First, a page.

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Mental health benefits of driving and being behind the wheel

Driving has many benefits, giving a sense of independence, freedom and much-needed thinking space

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Driving can be great for the mind and a therapeutic escape, helping you unwind and gather your thoughts.

Being behind the wheel can help provide a sense of freedom, you won't be shocked to hear 62% of UK motorists say that they get behind the wheel just for fun.

We look at how being in the driving seat can improve your happiness levels and mental wellbeing.

Favours independence

One of the most obvious benefits of driving a car is that it provides you with an innate feeling of freedom.

Whether it be a soft-top coupé, a family SUV or a hybrid estate car, you can revel in the sheer pleasure of cruising through country roads and city streets, with the liberty to come and go as you please.

And when it comes to boosting your wellbeing, the advantages of being able to make your own choices of when and where to travel to shouldn’t be underestimated.

People who enjoy a sense of independence are less likely to experience stress or anxiety. This is because it allows them to feel in control and equipped to deal with challenges, which in turn can spark sentiments of self-belief and self-worth.

In fact, driving offers you the chance to help others too. With a car, you can easily take care of errands for family members or chauffeur your loved ones to school, parties or medical appointments.

Mental health expert Raf Hamaizia says: "Having a reliable and sustainable vehicle aids wellbeing by supporting people in doing what they want to do, as well as maintaining contact with friends and loved ones.”

Allows for thinking space

Many people find cooking, exercising, drawing and cleaning a way to free your headspace and unwind, and driving can have the same affect.

When our brain is busy performing a straightforward task, it’s often at its most creative, helping you devise new plans and ideas. This can help you reflect differently about things that have been on your mind for a while without distractions or interruptions.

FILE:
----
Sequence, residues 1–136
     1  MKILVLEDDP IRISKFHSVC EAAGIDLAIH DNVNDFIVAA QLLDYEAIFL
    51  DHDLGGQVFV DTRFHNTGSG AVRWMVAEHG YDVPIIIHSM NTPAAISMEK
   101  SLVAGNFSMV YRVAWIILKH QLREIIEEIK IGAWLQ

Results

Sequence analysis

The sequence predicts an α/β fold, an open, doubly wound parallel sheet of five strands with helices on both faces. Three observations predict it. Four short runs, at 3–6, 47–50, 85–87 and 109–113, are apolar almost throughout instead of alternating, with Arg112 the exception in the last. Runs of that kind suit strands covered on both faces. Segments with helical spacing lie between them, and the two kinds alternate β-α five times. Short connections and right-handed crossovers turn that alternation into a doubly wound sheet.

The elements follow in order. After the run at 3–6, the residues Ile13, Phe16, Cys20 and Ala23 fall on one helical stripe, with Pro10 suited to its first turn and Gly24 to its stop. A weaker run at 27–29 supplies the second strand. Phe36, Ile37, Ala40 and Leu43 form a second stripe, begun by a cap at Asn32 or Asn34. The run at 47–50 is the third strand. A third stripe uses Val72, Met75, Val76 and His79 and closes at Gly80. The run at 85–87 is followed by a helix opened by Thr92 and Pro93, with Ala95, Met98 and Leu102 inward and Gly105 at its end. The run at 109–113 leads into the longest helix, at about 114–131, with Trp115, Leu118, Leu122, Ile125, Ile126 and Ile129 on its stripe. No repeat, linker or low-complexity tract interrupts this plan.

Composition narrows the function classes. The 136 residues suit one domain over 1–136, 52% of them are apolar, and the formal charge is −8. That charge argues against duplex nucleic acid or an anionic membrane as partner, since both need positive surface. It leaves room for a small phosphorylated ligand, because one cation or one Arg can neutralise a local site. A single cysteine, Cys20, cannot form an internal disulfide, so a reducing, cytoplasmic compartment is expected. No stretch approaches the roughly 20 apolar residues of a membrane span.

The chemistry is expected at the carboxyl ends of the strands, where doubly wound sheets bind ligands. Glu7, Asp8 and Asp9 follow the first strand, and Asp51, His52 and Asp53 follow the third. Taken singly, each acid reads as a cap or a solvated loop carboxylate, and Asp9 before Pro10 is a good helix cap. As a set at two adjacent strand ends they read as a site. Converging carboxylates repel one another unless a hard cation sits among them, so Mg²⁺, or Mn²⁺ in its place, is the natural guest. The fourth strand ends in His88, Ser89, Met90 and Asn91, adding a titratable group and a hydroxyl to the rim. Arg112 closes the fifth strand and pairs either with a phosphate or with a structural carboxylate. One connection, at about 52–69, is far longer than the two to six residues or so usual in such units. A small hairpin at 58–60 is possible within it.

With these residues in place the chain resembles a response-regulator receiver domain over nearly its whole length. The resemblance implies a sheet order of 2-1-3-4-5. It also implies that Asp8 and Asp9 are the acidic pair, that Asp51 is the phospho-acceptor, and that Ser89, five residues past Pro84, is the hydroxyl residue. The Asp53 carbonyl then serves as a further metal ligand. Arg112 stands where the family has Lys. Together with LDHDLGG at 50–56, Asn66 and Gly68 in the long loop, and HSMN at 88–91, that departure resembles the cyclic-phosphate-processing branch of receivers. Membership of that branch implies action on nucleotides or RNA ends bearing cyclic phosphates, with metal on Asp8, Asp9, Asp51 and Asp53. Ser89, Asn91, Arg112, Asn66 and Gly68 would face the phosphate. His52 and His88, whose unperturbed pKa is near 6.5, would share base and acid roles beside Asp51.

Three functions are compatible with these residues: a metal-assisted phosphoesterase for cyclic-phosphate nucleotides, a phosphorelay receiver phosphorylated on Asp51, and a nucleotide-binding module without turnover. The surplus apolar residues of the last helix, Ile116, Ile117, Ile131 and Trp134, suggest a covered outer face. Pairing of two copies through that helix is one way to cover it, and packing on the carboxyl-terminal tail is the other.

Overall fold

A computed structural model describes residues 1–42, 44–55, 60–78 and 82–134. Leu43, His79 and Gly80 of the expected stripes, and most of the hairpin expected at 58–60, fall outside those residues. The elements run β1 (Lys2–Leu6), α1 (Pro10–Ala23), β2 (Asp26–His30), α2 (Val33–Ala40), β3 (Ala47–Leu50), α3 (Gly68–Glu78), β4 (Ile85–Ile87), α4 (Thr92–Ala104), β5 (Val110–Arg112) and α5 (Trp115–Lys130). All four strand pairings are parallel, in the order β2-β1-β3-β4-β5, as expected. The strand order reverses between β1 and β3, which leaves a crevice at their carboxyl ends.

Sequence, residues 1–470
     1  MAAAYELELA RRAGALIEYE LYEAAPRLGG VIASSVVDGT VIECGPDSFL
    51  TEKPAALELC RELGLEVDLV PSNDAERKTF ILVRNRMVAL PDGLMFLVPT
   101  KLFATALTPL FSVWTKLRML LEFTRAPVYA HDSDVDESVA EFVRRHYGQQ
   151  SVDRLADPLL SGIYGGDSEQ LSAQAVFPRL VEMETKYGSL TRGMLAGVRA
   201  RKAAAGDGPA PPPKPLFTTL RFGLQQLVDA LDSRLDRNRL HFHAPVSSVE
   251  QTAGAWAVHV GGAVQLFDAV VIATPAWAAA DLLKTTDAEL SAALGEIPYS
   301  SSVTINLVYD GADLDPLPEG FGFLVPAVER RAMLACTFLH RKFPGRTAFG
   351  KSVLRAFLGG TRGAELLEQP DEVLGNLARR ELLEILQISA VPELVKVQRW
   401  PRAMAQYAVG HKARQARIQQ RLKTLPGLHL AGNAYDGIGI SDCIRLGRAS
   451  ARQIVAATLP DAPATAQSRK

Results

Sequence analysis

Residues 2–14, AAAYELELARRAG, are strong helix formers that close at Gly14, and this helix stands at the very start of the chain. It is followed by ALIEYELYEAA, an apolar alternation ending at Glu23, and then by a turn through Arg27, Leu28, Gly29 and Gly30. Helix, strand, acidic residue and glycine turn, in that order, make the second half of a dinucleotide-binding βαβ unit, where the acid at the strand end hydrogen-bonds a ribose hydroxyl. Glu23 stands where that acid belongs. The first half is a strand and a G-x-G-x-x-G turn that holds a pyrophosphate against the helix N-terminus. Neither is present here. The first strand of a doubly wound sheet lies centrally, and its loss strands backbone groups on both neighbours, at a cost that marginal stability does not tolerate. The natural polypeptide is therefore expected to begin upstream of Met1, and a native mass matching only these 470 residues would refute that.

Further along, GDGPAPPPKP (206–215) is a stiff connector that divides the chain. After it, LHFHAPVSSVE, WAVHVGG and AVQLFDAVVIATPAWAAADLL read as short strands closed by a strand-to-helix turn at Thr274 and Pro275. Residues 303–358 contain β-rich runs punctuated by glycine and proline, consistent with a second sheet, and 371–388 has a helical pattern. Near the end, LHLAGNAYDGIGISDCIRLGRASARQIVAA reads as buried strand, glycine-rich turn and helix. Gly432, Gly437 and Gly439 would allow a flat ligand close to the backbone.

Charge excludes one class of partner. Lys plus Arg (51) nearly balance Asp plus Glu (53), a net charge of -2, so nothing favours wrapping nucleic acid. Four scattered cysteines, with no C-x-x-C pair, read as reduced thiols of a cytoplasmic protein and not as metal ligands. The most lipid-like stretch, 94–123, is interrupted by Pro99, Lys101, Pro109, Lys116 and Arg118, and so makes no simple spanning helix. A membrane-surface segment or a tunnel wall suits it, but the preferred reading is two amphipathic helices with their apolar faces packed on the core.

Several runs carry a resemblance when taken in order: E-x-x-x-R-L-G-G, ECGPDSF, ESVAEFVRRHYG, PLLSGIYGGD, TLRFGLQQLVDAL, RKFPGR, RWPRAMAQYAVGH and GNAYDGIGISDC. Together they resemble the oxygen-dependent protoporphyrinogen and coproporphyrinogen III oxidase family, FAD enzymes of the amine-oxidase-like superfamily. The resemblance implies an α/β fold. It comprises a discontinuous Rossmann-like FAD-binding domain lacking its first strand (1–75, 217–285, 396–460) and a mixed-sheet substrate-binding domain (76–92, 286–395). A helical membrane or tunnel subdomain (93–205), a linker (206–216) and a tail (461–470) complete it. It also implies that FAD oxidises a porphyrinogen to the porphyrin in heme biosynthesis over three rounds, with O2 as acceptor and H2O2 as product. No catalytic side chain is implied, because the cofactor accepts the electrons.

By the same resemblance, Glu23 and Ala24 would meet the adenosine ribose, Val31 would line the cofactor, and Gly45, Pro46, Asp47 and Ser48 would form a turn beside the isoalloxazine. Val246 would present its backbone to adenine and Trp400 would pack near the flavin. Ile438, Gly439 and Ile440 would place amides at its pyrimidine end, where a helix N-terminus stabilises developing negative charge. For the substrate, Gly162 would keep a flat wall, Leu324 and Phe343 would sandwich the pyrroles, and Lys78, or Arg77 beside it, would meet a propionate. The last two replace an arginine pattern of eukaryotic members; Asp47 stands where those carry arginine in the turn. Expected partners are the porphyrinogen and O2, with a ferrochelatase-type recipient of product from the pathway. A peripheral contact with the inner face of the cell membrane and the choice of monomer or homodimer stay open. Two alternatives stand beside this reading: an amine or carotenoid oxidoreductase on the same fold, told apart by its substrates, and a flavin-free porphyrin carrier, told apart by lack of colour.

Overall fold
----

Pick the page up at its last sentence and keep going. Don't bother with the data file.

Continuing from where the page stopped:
As you drive, the brain’s central executive stays alert throughout, safely allowing for ample thinking time.

When you encounter a more challenging situation, such as congestion, a random object on the road or bad weather conditions, your brain will redirect your attention to the road in an instant.

Wellness expert Amanda Strowbridge says: "Sometimes when we are driving, especially on the motorway or on a route that we have driven many times before, we can go into what is known as an alpha state.

"This state of mind is when we are relaxed and thinking but not actively solving a problem. This is also the same as when we are hypnotised. We are totally relaxed but would very quickly become aware if there was a dangerous situation that needed our attention.”

Being at the wheel also provides a change of scenery, which can be refreshing and inspiring. The passing views and an open road can clear your mind, helping you find a new perspective on things.

Raf adds: “Particularly in more urban environments, having a vehicle enables the exploration of more rural communities and nature more generally, which research shows can protect against depression.

“Nature is so important to mental health that even watching documentaries on it can boost our mood, which is why it always feels so good taking the scenic route."

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Tackles loneliness

Driving can also be a good antidote to loneliness. If you live in an area with limited public transport, jumping in the driving seat of your own car can pave the way to social interaction.

Driving around enables you to get out and about easily, allowing you to attend social events, take part in community activities and visit friends and family.

Humans are social beings, so spending time with other people has a huge impact on your mental health. Social connectedness can bolster intellectual and emotional functions while also lifting your mood.

Not only that, but face-to-face contact favours the release of a mix of neurotransmitters that regulate feelings of unhappiness, stress and anxiety.